“Write, therefore, what you have seen, what is now and what will take place later.”
Revelation 1:19 (NIV)
There are three great questions I always ask myself during times of confusion or decision:
Where am I at?
Where have I been?
Where am I going?
Those are the three questions I ask myself every time I finish a book on this chapter-a-day journey and need to decide where the trek should take me next. So, after finishing the book of Jude yesterday I went to the index of posts by book and realized that there’s only one book of the Great Story, written after Jesus’ death and resurrection that, isn’t currently in the index by book: Revelation. The last time I trekked through was in April of 2014. So, that’s where I’m going.
Known more formally as The Revelation of John, this is the last book in the Great Story. Both tradition and the text state that the visions described in the book were seen and experienced by John on the Isle of Patmos while he was exiled there (90-95 A.D). Revelation is well-known for its description of the end times, the climactic final battle between God and Satan, and its description of the eternal city of God.
To be honest, I have a love-hate relationship with Revelation. I love the mystery and the metaphor. It’s fascinating and I find important spiritual truths within. My hate is rooted in the rabbit hole that it becomes for people who fall in and become endlessly obsessed. Along my spiritual journey, my approach to Revelation eventually paralleled C.S. Lewis’ famous caution regarding the demonic. It’s a mistake to avoid or ignore it, but it’s also a mistake to take it too seriously. So, here we go.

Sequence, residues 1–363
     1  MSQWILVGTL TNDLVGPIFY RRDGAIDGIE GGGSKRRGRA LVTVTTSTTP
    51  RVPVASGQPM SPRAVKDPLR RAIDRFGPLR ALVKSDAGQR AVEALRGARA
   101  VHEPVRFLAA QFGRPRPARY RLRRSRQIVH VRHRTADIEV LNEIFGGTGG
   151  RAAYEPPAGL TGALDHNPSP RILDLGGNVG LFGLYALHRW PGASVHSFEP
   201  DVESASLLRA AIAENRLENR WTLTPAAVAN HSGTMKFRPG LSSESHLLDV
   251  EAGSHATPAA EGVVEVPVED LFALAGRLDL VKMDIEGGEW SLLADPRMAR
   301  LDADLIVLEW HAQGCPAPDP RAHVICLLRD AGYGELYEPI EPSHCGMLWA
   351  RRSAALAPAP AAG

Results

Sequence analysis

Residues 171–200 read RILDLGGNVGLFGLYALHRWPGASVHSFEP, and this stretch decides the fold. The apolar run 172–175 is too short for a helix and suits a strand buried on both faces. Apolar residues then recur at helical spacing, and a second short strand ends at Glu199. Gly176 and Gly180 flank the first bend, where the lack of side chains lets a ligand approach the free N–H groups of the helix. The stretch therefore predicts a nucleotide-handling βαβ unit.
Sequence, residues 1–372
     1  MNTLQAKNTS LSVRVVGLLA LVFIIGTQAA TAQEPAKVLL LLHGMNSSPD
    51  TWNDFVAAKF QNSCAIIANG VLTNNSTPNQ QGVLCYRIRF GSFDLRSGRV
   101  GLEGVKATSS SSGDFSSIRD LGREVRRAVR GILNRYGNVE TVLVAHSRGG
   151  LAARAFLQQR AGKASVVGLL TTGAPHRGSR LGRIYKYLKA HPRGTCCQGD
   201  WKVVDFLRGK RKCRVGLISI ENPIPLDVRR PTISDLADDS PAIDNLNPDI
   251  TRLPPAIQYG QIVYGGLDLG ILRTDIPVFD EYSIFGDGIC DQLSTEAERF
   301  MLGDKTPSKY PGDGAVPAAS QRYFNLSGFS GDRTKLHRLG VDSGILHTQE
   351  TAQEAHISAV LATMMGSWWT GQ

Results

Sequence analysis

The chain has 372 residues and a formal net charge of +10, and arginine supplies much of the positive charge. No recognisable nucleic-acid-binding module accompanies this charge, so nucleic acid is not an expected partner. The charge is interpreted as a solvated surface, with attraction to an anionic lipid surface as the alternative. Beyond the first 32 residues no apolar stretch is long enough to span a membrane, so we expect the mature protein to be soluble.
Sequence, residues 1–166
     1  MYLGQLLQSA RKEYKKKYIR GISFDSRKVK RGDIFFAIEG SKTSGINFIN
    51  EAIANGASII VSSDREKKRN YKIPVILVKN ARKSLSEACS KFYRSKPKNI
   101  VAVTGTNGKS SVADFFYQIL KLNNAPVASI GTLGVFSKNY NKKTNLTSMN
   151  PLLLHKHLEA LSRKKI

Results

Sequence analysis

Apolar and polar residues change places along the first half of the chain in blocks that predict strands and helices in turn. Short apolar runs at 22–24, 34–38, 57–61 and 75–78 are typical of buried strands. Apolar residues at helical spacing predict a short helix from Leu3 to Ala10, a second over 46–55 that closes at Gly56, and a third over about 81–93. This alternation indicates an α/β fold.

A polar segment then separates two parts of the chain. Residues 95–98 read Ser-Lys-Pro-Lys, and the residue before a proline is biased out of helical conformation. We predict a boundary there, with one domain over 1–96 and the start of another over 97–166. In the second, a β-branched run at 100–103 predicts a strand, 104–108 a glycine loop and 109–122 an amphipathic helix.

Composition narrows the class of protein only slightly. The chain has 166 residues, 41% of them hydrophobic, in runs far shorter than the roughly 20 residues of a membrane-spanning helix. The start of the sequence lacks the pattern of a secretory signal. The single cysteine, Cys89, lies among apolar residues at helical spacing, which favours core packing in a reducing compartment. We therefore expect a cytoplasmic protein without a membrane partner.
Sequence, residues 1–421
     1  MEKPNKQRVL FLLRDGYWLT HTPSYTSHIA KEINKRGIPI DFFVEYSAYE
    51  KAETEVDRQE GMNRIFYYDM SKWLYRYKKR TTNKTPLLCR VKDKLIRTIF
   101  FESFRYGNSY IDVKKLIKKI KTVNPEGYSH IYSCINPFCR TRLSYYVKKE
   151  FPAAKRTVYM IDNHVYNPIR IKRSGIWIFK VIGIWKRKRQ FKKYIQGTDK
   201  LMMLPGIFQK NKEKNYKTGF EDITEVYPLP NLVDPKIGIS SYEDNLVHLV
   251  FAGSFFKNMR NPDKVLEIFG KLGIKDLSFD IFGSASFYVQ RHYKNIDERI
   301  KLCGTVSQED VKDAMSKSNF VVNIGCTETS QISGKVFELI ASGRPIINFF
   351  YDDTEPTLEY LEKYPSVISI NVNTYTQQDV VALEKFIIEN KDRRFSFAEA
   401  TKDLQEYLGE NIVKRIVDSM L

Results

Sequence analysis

In the opening chapter, John writes that he was worshiping on a Sunday and saw the glorified Christ. Jesus tells John to write “what you’ve seen, what is now, and what will take place later.” It’s Jesus’ riff on the three questions I always ask myself.
There are numerous schools of thought when it comes to interpreting Revelation. Some believe that Revelation points to historic events that have already taken place. Others believe that it’s primarily about what will take place in the future end times. A more modern movement of thought interprets the whole thing as political satire.
“Where have I been?”
Looking back at the life of Jesus and the ancient prophecies about Him, one thing becomes clear to me: Very smart people over a long period of time were completely wrong about how they interpreted the prophecies. So, from where I’m at, I tend to approach the prophetic with a huge dose of humility regarding what it might mean for “Where are we going?” in the future, and a heart that’s simply open to what in means for me “Where am I at?‘ in the context of today.
So, in the quiet this morning, I embark on this chapter-a-day trek through Revelation with humility and an open heart. I think I’ll take Jesus up on reading and meditating on John’s visions with the three questions in mind. I’m also determined not to fall down the rabbit hole.
Here we go!
If you know anyone who might be encouraged by today’s post, please share.